Ngwenya Glass Factory, Kingdom of Eswatini | Sense Africa

Culture

Ngwenya Glass26th February '20  |  - 1 Comment

See glass workers from above

The history of Ngwenya Glass

In 1979 a glassblowing factory called Swazi Glass Craft was created as part of a Swedish Aid Project. Machinery and equipment was imported and a number of Swazis were trained in the age old art of glass blowing. Two of the Swazis, including Mr Sibusiso Mhlanga, were sent to Sweden to be professionally trained  for 2 years.

In 1985 the factory ceased production and the disappearance of glass animals was noted by collectors. The Prettejohn family arrived in Swaziland in 1987 to investigate and found themselves the new owners of the only glass factory, at the time, in Africa. They asked around and found four of the original employees, including the master glass blower, Mr Sibusiso Mhlanga. Today Ngwenya Glass employs over 70 workers and is a fascinating place to visit, well known as Eswatini’s “hottest” attraction!

Ngwenya Glass complex

Why visit Ngwenya Glass Factory?

Located near the Ngwenya border post on the eastern border with South Africa is Ngwenya Glass. The factory lets visitors view the production from above. There are metal walkways and balconies over the heads of glass blowers, the very hot ovens and also the fine tuning and packing area. On weekdays you can watch animals and glassware being sculpted before your eyes. Afterwards you can visit the adjoining showroom which has an impressive array of artefacts. When you buy something, which you will, they can wrap them really well in old newspapers (more recycling)  as well as bubble wrap and a solid box. I normally put these boxes in my hold luggage and all the time I have been buying these, never has one broke, they are that well protected.

There are also a host of other arts and crafts shops here for you to browse, all of which are local Emaswati run with products made in the Kingdom.

Caring for the environment & communities

It is also environmentally friendly; the products are all made from hundred percent recycled glass. Locals can collect glass, mainly in the form of soft drinks bottles, which they sell by the kilo to the factory. The factory uses waste newspaper as packaging and reuse grey water within the factory. Purified old engine oil and oil from KFC is used to fuel their furnaces and solar panels on the factory roof provide a fair bit of its electricity.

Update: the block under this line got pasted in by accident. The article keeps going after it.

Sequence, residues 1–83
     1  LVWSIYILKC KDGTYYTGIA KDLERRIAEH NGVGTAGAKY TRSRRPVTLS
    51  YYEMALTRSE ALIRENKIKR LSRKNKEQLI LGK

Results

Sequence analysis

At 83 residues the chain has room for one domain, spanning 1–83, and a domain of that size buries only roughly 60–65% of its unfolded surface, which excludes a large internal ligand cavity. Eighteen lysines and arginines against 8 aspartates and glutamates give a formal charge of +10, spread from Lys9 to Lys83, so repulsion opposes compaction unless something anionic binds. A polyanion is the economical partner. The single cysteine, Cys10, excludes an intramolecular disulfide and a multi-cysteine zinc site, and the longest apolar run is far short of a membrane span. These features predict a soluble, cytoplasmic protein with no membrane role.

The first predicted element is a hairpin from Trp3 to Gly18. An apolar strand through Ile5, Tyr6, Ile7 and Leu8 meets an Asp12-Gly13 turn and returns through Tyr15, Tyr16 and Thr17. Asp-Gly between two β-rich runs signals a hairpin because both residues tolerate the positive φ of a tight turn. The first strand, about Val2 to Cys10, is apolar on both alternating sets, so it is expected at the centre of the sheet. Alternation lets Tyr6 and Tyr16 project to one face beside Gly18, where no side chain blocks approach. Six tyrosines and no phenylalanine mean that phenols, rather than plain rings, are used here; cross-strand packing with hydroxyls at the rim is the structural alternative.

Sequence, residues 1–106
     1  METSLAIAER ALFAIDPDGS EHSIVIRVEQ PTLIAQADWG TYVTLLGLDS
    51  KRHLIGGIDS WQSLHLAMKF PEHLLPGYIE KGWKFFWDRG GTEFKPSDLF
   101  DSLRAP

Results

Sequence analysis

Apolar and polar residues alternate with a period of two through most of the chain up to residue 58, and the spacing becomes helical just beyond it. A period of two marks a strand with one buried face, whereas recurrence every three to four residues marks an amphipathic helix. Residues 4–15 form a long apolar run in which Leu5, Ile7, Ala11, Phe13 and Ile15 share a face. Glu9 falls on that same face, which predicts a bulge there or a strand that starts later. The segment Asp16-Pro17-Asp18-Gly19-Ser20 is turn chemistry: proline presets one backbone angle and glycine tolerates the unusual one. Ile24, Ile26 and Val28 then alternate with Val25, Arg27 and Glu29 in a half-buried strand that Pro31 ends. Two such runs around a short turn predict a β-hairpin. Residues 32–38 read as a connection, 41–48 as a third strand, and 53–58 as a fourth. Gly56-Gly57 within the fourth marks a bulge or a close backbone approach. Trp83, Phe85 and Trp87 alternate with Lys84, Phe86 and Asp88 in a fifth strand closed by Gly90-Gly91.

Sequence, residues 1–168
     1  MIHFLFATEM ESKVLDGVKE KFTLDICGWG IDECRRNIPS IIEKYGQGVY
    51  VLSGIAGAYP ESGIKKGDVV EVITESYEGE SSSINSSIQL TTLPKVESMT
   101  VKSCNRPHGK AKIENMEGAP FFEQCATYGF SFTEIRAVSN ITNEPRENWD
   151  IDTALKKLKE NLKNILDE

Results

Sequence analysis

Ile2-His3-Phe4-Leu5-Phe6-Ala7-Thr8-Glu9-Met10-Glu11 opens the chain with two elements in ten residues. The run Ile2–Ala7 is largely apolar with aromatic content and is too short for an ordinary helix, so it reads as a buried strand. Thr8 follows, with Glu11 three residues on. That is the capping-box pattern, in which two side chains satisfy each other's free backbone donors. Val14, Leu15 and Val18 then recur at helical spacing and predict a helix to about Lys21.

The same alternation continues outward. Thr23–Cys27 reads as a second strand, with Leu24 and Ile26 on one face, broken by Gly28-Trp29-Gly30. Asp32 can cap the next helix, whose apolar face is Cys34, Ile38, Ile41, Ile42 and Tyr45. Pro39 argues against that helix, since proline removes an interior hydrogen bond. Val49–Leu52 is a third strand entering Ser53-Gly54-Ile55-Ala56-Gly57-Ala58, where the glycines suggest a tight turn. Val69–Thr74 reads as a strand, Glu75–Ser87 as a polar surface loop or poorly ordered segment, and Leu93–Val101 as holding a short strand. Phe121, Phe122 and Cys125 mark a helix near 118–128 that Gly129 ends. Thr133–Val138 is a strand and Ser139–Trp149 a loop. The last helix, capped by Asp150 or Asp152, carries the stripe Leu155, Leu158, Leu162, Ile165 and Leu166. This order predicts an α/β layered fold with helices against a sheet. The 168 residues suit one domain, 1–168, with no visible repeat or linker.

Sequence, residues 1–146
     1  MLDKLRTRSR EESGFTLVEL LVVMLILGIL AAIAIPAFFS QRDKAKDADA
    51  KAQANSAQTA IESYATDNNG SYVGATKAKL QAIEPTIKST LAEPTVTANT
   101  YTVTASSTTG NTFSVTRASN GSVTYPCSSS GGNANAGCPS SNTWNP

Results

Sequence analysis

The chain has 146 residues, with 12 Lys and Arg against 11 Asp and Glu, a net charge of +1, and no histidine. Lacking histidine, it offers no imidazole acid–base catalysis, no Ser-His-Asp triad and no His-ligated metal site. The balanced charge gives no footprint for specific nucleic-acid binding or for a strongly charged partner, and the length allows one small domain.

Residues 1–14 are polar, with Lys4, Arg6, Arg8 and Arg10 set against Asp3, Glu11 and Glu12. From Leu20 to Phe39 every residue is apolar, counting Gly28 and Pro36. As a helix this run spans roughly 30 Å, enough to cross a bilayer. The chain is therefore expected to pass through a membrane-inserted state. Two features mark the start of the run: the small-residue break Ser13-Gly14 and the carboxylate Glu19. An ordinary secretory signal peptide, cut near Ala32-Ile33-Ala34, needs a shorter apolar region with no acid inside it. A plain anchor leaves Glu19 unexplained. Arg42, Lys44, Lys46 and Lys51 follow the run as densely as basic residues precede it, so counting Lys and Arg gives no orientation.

Ngwenya Glass has an indigenous tree planting program. They also organise environmental clean-up days and encourage schools to pick up litter in exchange for donations of building materials and sports kit. They believe that by educating our children about environmental issues, we have a greater chance of saving the planet. Ngwenya Glass is a positive enterprise, which is why we like it so much.

And finally, they have launched the Ngwenya Glass Rhino and Elephant Fund which supports the survival of these rare animals. Rhinos and elephants have been saved from the brink of extinction twice in Eswatini. These animals remain in the Kingdom, to continue to inspire the crafters to produce their wonderful pieces of art. A percentage of Ngwenya Glass’ sales worldwide are donated to this Fund.

glass rhino from Ngwenya

Click here to learn more about Ngwenya Glass, to take a factory tour and to view their original products. If you have time then the Ngwenya mine is worth a visit as well, this is only 5 mins away.

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Responses

  1. BLOG: Ngwenya Glass by Sense Africa | The Kingdom of Eswatini (Swaziland) says:

    April 9th, 2020 at 10:23 am (#)

    […] Bowen, Director and Founder of Sense Africa, a UK Tour Company that specialises in Eswatini, has shared this blog post all about Ngwenya […]

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